AFI Movie Club: THE GOOD, THE BAD AND THE UGLY
One of the definitive westerns of all time, THE GOOD, THE BAD AND THE UGLY was the third collaboration between director Sergio Leone and AFI Life Achievement Award recipient Clint Eastwood – following A FISTFUL OF DOLLARS and its sequel, FOR A FEW DOLLARS MORE. Collectively, the three films are commonly referred to as “the Man with No Name” trilogy after Eastwood’s taciturn character.
Watch Danny Trejo announce the film:
Movie Trivia About THE GOOD, THE BAD AND THE UGLY
DID YOU KNOW? In an interview with American Film magazine, director Sergio Leone was asked what he saw in star Clint Eastwood. He replied that, “when Michelangelo was asked what he had seen in the one particular block of marble, which he chose among hundreds of others, he replied that he saw Moses. I would offer the same answer to your question – only backwards. I reply that what I saw, simply, was a block of marble. Eastwood moves like a sleepwalker between explosions and hails of bullets, and he is always the same – a block of marble. Clint, first of all, is a star.”
DID YOU KNOW? Director Sergio Leone tried to make the film as accurate to the historical time period as possible by doing research at the Library of Congress and being inspired by Civil War photographer Mathew Brady. However, the film isn’t entirely historically accurate. While the film depicts the use of dynamite, it wasn’t invented until 1867.
DID YOU KNOW? Of the iconic cheroot favored by his character in the “Man with No Name” trilogy, star Clint Eastwood has since said that they were an inspiration that he himself brought to the set. “I went out and bought a bunch of cigars that I thought would look good in a Western,” he said. “I had no idea they’d taste so vile! But I brought those along with me and I gave them to props and we cut them all up. I made a slew of them that I carried around in my pocket: different lengths to match up with different scenes.”
DID YOU KNOW? THE GOOD, THE BAD AND THE UGLY features some extreme close-up shots that have become definitive of the western genre and the tense showdowns that are so famously featured. In an interview with NPR, star Clint Eastwood said that his iconic squint wasn’t necessarily planned. “That was just the sunlight,” he said. “They bombed me with a bunch of lights and you’re outside and it’s 90 degrees and it’s hard not to squint.”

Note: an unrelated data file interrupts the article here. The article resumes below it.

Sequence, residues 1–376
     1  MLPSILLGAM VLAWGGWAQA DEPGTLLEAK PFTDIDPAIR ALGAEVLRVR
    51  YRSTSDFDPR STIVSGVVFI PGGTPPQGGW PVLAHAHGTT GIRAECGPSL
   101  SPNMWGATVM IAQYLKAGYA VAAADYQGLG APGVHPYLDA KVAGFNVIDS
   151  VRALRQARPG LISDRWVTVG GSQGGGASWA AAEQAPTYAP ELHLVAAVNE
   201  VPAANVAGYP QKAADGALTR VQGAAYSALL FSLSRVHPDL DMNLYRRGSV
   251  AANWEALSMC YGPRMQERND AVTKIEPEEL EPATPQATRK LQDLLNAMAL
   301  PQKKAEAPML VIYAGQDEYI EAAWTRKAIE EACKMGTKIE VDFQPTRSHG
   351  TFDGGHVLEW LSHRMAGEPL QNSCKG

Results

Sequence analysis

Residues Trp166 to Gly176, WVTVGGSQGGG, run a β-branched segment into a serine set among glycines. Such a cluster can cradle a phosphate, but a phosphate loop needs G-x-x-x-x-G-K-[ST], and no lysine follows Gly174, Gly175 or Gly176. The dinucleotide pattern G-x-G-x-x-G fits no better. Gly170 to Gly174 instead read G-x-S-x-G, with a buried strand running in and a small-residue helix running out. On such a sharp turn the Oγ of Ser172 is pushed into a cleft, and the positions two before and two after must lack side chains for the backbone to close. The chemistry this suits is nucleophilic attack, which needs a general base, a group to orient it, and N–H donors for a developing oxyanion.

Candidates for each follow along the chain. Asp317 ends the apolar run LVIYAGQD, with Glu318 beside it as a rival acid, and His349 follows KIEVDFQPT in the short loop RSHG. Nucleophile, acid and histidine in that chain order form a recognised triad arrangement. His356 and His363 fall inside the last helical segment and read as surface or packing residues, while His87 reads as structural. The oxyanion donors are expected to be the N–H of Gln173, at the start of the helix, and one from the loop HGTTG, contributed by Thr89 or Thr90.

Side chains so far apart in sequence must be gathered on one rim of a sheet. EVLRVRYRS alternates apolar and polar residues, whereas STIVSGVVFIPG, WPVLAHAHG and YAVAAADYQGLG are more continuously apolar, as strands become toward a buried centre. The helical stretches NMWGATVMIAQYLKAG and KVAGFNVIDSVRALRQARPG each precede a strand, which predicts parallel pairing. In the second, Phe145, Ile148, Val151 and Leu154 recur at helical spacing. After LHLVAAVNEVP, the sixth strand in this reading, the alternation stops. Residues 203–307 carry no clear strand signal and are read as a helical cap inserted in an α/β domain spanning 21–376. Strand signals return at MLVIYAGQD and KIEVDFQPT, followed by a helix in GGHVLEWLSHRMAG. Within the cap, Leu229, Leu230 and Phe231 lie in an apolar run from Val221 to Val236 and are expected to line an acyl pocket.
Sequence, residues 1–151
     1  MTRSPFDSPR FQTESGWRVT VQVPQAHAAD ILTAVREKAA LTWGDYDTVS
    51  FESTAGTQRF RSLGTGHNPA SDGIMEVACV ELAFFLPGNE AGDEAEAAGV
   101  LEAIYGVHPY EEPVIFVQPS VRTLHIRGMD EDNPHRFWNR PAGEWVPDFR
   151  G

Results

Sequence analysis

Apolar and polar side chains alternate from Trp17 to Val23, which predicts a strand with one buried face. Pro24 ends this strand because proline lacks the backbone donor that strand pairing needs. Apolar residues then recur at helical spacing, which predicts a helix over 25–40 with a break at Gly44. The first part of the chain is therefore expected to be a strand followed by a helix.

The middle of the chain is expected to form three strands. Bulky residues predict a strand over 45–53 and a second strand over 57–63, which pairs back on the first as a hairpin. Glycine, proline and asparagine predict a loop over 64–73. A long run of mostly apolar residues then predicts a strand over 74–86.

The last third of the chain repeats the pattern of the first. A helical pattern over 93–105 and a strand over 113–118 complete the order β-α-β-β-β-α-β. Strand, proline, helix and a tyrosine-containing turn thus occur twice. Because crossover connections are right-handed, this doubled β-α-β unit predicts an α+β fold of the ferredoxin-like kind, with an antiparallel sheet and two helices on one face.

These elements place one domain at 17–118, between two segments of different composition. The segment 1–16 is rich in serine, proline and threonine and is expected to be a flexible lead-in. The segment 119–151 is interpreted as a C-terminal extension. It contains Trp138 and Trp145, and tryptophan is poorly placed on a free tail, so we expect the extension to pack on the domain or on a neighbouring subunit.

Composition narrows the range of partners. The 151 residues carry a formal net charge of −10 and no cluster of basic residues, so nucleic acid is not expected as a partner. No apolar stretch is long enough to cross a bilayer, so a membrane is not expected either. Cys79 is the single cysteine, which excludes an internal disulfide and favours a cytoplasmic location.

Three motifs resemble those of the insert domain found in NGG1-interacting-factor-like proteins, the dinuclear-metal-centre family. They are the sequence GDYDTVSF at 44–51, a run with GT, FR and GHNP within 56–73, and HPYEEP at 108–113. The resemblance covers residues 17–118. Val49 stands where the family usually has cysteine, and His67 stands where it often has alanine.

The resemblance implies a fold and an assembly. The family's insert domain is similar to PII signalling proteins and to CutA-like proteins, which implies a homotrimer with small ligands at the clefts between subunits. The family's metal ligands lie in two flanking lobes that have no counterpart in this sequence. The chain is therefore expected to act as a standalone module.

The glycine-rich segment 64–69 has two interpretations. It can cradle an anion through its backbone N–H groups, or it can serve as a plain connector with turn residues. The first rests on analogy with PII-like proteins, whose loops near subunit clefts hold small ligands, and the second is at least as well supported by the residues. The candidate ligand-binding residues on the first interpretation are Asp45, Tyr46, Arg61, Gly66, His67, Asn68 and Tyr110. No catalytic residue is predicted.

DID YOU KNOW? To conceive the film’s iconic themes, composer Ennio Morricone said in an interview that, “I come from a background of experimental music which mingled real sounds together with musical sounds, so I used real sounds partly to give a kind of nostalgia that the film had to convey. I also used these realistic sounds in a psychological way. With THE GOOD, THE BAD AND THE UGLY, I used animal sounds – as you say, the coyote sound – so the sound of the animal became the main theme of the movie. I don’t know how I had this idea. It’s just according to your experiences, and following the musical avant-garde.”
DID YOU KNOW? According to co-star Eli Wallach, when he was first approached about joining the production of THE GOOD, THE BAD AND THE UGLY, he wasn’t yet familiar with director Sergio Leone’s work – and when told that the film would be a “spaghetti western,” Wallach thought the combination was “an anomaly…like Hawaiian pizza.” Wallach, however, did his due diligence and, looking at Leone’s previous projects, was ready to sign on.
-Roger Ebert said of THE GOOD, THE BAD AND THE UGLY that, “the rule is that the ability to see is limited by the sides of the frame.” What do you think that means? Do you notice anything else about how the film is shot?
-What distinguishes the “good,” the “bad” and the “ugly” from one another? How do they earn their titular designations?
-How is THE GOOD, THE BAD AND THE UGLY definitive of the western genre? In what ways is it different from genre entries that had come before?
-Why is the American Civil War significant to the plot? To the themes of the film?
-What aspects of THE GOOD, THE BAD AND THE UGLY have taken on a life of their own beyond the film? Can you think of any times – outside of the film itself – that you’ve encountered references to its enduring aesthetics or sensibilities?
-How would you rate THE GOOD, THE BAD AND THE UGLY?
In this exclusive video from the AFI Archive, Clint Eastwood talks about what makes a good western:
New to AFI Movie Club? Want to learn more?
AFI has created a global, virtual gathering of those who love the movies. Each day’s film is accompanied by fun facts, family-friendly discussion points and material from the AFI Archive to enrich your viewing experience.
Learn more in our FAQ section.